While strong performance relative to active management has driven the growth in indexing’s popularity, there are lots of other reasons to embrace index funds as part of your portfolio. Let’s look at a few of them.
• Broad diversification – Market tracking funds by definition hold most, if not all, of the securities in their target indexes. An actively managed fund typically holds a much smaller selection of securities, typically around 150 to 250 stocks.
Holding a concentrated number of positions certainly allows for outperforming the market, though the probability is low. Many actively managed funds go in the opposite direction – they hold several hundred of stocks, in proportions similar to the benchmarks, guaranteeing performance won’t lag too much. Adding a few of these to your portfolio guarantees your returns will be index-like, prior to paying much larger fees than those of index funds.
We see this pattern time and again with prospective clients. Their portfolios consist of multiple actively-managed large cap stock funds. If you “open the hood”, they own thousands of stocks. It simply means they are closet indexers, but they mistakenly think they can outperform.
• Predictability – A thoughtful financial plan is the foundation or achieving financial goals over time. While no one has an effective crystal ball, financial plans must make assumptions about market returns and risks inherent in various asset classes – and how they perform in combination. The use of market tracking funds allows investors to be more precise in realizing the portfolio characteristics assumed by their plan.
Active fund managers can take on more or less risk than expected, underperform their benchmarks, or drift from their stated style. Their returns can then deviate significantly from those predicted by the plan. Index funds are predictable and consistent in delivering the returns of their underlying asset classes – a critical element in meeting the goals set out in a financial plan.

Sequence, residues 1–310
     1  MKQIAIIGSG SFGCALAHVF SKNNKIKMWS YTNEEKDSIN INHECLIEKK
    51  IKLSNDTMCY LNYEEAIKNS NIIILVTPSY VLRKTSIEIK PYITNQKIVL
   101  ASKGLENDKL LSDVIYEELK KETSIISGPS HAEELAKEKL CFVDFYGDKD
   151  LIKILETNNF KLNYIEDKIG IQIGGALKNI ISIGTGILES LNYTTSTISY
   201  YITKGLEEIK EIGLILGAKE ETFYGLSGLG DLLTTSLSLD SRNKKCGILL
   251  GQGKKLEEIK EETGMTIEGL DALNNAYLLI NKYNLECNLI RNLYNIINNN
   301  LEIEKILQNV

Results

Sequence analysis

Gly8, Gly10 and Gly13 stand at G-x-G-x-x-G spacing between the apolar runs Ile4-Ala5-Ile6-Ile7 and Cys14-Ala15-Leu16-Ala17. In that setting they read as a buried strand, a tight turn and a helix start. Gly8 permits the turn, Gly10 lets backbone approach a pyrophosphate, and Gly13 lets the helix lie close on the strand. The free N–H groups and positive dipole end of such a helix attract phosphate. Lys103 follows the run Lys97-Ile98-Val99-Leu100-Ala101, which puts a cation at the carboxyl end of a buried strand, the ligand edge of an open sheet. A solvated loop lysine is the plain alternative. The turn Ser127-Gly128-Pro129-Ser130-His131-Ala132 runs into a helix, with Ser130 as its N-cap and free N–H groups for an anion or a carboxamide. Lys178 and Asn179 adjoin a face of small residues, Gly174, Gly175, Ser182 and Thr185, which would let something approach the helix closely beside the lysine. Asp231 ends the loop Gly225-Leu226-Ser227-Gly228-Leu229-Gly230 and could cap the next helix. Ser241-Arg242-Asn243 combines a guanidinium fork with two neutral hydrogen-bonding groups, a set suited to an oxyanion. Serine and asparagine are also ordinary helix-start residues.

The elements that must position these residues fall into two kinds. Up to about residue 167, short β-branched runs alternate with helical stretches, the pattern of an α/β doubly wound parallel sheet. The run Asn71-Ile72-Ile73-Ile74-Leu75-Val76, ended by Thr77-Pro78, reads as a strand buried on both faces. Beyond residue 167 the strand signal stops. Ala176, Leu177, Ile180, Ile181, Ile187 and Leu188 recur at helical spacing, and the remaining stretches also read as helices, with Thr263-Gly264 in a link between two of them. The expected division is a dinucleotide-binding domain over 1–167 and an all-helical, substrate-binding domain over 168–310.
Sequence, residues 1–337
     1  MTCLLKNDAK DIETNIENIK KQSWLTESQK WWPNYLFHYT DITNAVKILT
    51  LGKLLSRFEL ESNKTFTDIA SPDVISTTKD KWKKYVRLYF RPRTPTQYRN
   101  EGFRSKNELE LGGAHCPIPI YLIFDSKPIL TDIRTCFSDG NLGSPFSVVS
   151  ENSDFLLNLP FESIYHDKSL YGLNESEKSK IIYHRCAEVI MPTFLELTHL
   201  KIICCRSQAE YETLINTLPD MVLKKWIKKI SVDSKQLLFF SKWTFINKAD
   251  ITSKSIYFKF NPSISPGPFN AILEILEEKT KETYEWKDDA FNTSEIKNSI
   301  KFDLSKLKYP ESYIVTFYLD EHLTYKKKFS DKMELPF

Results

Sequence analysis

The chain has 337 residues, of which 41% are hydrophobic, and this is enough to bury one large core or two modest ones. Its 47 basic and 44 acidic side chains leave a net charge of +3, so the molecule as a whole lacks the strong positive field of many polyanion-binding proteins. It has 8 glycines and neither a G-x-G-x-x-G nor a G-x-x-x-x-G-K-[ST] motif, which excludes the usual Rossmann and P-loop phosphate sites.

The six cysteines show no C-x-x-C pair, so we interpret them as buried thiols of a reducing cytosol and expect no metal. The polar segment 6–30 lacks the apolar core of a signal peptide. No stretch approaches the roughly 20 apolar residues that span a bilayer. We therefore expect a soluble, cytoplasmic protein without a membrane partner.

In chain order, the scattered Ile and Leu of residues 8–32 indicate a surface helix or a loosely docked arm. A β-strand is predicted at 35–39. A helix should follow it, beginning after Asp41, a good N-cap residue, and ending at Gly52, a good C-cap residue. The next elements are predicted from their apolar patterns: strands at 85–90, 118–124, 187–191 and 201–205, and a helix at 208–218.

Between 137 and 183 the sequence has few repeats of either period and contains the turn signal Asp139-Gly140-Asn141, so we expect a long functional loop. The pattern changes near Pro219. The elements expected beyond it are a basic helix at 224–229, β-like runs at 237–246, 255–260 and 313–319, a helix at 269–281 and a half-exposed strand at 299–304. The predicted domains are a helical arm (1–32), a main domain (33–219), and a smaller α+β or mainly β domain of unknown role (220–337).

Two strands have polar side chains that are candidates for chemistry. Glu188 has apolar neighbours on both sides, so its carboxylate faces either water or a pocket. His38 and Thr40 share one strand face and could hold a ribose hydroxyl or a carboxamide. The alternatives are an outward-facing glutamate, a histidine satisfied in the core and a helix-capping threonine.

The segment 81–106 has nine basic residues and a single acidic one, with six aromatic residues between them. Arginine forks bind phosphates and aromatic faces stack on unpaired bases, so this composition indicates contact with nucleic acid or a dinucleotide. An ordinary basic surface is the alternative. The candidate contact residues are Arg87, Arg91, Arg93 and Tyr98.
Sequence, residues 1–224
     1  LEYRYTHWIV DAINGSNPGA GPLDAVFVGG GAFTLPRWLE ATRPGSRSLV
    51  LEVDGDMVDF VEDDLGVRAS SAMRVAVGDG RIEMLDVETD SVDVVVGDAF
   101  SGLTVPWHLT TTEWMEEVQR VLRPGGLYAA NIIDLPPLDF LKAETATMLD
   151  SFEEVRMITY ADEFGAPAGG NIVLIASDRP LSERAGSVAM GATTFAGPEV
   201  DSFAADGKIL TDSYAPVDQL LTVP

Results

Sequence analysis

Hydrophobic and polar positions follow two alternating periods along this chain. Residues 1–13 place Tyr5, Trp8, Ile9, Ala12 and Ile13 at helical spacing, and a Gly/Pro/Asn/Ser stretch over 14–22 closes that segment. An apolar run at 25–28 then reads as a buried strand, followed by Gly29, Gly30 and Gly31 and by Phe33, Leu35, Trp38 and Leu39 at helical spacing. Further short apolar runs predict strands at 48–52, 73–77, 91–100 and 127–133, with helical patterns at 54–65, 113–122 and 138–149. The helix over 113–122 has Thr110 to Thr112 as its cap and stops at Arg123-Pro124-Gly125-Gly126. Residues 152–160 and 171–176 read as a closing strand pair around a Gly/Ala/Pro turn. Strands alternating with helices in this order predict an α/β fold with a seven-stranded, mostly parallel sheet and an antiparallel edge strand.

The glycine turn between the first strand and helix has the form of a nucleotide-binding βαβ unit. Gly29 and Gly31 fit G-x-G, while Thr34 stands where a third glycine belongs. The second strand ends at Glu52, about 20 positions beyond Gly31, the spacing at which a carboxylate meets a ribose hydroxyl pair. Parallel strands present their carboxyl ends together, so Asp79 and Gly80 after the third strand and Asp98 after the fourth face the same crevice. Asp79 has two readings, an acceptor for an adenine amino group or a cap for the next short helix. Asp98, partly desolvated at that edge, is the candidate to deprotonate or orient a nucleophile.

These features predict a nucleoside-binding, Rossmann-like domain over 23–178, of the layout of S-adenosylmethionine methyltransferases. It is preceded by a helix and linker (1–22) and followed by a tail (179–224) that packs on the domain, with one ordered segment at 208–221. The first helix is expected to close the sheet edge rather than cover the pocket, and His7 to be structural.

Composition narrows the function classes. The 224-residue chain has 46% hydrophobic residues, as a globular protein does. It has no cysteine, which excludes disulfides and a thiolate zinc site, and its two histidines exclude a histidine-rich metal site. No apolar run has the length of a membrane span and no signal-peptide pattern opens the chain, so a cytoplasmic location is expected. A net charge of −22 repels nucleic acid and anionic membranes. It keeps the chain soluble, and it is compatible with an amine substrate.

• Ease of understanding – Evaluating proposals by various financial advisors and brokers can be overwhelming. Every sales presentation seems to offer “best-in-class” funds that have beaten the market! Voila! But it’s easy to look backwards and highlight which funds have done well in the past. Ask the advisor how his or her fund choices from a proposal five years ago did going forward! They probably can’t answer the question as they are constantly buying and selling, chasing past performance.
The research and portfolio construction process of most active funds is complicated and lacks transparency. Financial advisors that use active funds are often not fully knowledgeable about each component in a diversified portfolio. If they can’t fully understand and explain what an active fund manager is up to, why would you even consider it?
Market-tracking funds avoid needless complexity and offer a straightforward, understandable solution. Investors know what they own (what a concept!) and can make more informed decisions.